’42 27 Arrives in Alta California (includes: California, Arizona, Nevada, & Utah).
’43-45 28-29 Employed by John Sutter to manage Hock farm then Fort Ross.
’43-45 28-30 At Ft.Ross, fathers Mary Bennett/Salvador, & possibly another daughter (Helena).
’44 29 Granted Mexican citizenship (as Guillermo Benitz), allowing him to own land.
’44 29 Granted New Breisgau (15,300 acres, est.) on the Sacramento river.
’45-50 30-35 Ft.Ross/Rancho de Muniz - with Ernest Rufus & Charles T. Meyer, rents it from Sutter (early 1845), then Manuel Torres (Dec. 1845; 17,760 acres).
’45-67 30-52 Ft.Ross/Rancho de Muniz - William operates it profitably for 23 years, as a farm (wheat, barley, potatoes, apples, etc.) and ranch (sheep & cattle), supplying the markets in San Francisco & Oakland.
’45 30 Ft.Ross/Metini - raided in William’s absence; Kashia women raped, chiefs beaten, many abducted as slaves.
’46 31 With Rufus, petitions for Rancho de Hermann / German (17,580 acres); granted to Rufus alone who gives ½ to F. Hügal & Henry Haegler.
’46 31 At Ft.Ross, joined by Josephine Kolmer, they marry on 23 Feb.’47.
’46-50 31-35 At Ft.Ross, first 3 children die, names & dates unknown.
’48 33 Becomes US citizen. (By treaty, when Mexico ceded Alta California to US.)
’49 34 With Meyer, exchanges ½ New Breisgau (+ $1,000) to Rufus for his share in Rancho Hermann/German, & Hügal signs quit claim for his part.
’50-63 35-48 At Ft.Ross, 7 more children born: Frank’50, Josephine’52, William’54, Charles’56, Alfred’59, John’61, Herman’63.  They all reach adulthood.
’51 36 Rancho de Muniz - with Meyer buys it from Torres with a $5,000 promisory note.
’51 36 Ft.Ross/Rancho de Muniz - gives father-in-law (Michael Kolmer) 215 acres to farm in Timber Cove.
’53 38 With Meyer, sells Rancho de Hermann/German + livestock to W. Bihler & C. Wagner, $26,500.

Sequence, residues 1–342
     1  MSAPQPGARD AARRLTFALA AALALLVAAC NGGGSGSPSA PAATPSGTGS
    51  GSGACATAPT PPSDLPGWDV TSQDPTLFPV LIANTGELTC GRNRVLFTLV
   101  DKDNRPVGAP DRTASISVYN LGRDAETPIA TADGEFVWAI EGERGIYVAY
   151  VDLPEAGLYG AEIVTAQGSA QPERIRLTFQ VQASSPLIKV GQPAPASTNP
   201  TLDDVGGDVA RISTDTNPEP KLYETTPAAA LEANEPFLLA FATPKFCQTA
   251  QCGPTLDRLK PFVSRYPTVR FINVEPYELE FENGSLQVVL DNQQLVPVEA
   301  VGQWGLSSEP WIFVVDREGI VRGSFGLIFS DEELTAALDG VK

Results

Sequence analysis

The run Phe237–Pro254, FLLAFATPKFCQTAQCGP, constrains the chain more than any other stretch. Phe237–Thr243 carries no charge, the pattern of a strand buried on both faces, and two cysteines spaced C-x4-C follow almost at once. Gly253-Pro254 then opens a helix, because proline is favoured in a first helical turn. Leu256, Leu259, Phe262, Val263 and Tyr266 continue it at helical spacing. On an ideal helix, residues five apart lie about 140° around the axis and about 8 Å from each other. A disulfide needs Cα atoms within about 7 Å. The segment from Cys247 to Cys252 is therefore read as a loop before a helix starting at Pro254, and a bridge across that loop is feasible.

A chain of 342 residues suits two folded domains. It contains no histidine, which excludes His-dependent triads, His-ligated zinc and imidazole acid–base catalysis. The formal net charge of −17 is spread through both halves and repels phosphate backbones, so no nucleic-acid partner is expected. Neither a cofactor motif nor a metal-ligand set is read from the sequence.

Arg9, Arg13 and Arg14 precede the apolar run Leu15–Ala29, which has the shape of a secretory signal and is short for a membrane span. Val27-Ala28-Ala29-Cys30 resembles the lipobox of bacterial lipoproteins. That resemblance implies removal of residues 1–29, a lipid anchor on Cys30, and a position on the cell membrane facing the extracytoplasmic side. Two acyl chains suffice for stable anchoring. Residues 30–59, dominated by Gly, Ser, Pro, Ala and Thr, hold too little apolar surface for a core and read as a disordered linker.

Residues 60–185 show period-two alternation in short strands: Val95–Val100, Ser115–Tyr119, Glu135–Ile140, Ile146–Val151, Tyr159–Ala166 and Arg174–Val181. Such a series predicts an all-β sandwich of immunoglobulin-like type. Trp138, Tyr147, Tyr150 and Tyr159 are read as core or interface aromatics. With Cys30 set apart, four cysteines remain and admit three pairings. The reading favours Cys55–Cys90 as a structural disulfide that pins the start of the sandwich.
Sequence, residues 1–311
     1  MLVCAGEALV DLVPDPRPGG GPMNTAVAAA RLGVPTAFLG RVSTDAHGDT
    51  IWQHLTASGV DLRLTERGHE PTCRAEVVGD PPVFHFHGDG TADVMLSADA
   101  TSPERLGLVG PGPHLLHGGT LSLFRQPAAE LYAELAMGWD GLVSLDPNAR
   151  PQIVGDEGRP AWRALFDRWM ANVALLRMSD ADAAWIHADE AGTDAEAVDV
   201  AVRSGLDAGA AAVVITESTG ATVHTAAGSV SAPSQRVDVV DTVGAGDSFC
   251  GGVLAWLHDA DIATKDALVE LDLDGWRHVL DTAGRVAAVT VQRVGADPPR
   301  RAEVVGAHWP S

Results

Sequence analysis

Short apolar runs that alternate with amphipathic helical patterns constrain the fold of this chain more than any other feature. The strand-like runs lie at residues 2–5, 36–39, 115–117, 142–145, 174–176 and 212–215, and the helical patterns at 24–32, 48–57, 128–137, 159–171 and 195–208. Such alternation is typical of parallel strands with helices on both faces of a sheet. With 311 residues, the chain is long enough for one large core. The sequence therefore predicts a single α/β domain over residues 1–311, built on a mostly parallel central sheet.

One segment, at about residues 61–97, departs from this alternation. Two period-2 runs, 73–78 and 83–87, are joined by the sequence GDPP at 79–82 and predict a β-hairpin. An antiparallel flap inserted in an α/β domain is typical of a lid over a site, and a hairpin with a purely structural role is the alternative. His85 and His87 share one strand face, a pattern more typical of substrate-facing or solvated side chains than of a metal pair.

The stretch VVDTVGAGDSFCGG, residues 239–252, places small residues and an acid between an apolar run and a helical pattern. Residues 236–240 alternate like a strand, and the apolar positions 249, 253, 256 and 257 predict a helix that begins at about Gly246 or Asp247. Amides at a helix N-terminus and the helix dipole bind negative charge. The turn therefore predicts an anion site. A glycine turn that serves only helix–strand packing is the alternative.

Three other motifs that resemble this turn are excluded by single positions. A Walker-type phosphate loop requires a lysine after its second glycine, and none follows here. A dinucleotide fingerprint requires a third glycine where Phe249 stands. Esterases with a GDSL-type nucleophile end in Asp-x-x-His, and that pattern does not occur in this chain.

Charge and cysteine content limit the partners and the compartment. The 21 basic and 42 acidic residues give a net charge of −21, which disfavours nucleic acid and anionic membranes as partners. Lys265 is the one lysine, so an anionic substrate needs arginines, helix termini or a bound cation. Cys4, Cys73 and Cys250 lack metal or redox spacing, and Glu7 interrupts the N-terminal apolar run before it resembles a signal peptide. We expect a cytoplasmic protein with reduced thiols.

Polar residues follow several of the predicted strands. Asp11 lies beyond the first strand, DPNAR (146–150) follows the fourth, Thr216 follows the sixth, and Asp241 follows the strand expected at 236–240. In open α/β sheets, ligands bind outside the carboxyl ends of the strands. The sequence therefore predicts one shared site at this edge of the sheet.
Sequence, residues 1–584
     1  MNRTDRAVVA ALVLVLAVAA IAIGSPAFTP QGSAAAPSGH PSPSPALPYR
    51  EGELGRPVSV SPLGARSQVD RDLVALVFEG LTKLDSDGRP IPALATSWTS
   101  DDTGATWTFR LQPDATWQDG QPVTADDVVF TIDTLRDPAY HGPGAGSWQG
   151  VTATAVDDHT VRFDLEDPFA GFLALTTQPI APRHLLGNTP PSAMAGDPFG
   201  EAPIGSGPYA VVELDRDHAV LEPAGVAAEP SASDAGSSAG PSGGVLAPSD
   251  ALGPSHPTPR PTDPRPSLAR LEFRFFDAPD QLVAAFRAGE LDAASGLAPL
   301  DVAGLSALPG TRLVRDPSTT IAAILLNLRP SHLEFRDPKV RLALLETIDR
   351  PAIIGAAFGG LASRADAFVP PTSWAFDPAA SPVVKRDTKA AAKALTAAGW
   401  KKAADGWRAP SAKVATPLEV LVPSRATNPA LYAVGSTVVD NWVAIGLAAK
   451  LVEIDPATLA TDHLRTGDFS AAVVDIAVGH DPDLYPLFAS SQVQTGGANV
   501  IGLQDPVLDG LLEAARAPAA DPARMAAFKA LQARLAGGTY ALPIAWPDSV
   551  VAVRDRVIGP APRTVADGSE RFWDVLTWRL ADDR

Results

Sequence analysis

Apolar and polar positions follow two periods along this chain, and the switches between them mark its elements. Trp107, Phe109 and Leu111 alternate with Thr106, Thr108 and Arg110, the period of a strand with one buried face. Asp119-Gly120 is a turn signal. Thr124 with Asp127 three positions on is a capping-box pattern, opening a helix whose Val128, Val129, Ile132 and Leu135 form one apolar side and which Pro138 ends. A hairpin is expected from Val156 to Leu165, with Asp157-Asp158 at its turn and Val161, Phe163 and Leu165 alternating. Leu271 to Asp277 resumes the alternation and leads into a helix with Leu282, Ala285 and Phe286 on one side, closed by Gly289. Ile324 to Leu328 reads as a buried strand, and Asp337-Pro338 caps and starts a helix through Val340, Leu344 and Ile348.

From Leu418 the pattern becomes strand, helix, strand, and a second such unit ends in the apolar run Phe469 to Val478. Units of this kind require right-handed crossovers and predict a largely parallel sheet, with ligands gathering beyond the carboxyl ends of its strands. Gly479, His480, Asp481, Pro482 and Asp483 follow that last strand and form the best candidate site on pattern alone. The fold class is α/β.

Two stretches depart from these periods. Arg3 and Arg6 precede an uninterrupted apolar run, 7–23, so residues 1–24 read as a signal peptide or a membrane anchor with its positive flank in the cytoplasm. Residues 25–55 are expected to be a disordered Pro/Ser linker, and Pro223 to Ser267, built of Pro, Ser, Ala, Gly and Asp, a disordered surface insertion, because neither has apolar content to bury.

’53 38 Per letters, he has $36,000 invested (we assume in mines), earning $500 per month.
’54 39 Loses 2/3 of New Breisgau in US land courts ($12,000 legal); remainder goes to Rufus.
’54 39 Riding near Santa Rosa his nose & cheek are grazed by a bullet.
’55 40 Ft.Ross/Rancho de Muniz - buys Meyer’s share, $22,500.
’57 42 Rancho de Muniz - pays Torres’ promisory note, $5,000.
’58 43 Father-in-law dies (Michael Kolmer).
’59 44 Ft.Ross - settles Sutter’s claim (Sutter & Muldrew, $6,000 + $2,000 legal).
’60 45 Rancho de Muniz - original grant is surveyed & patented at 17,760 acres.
’60 45 Rancho de Muniz - sells 1,500 acres on Russian river to J. Orr & F. Sheridan, $3,000.
’63-65 48-50 Rancho de Muniz - various sales of mineral rights for % produced - nothing found.
’65 50 Mother-in-law dies (Josephine Wagner/Kolmer).
’65-67 50-52 Buys family home in Oakland, at 320 Webster; family moves to Oakland.
’66 51 Rancho de Muniz - sells 1,500 acres in Timber Cove to W. Miller & W. Allison, $1,500.
’66 51 Rancho de Muniz - gifts in Timber Cove: 215 acres to John Kolmer, 103 acres to F. Blanchard.
’66 51 Rancho de Muniz - sells 1,900 acres on Russian river to A. Thing & S. Rien, $7,500.
’66 51 Brother Franz X. Benitz, after 5+ years at Ft.Ross, emigrates to Chile & Argentina; is a founding member of Colonia California near San Javier, Santa Fé (Argentina).
’67 52 Ft.Ross & Rancho de Muniz - sells northern 7,000 acres to James Dixon, $30,000.
’67 52 Rancho de Muniz - sells southern 7,000 acres to Charles J. Fairfax, $25,000.
’67-74 52-59 Invests in real estate & mines, listed as ‘capitalist’ in Oakland city directory.
’70 55 Benitz Building completed in Oakland, on Broadway between 10th and 11th Streets.
’73 58 Brother Franz returns from Argentina with tales of the open pampas.
’74 59 Sells everything (Oakland properties: $100,000+) & emigrates to Argentina.
’75 60 Buys 4 square leagues (10,800 hectareas) in Santa Fe (16,000 pesos fuertes); founds estancia “La California”.
’76 61 Dies 27 June, and is buried, at “La California”.


© Peter Benitz (Benitz Family)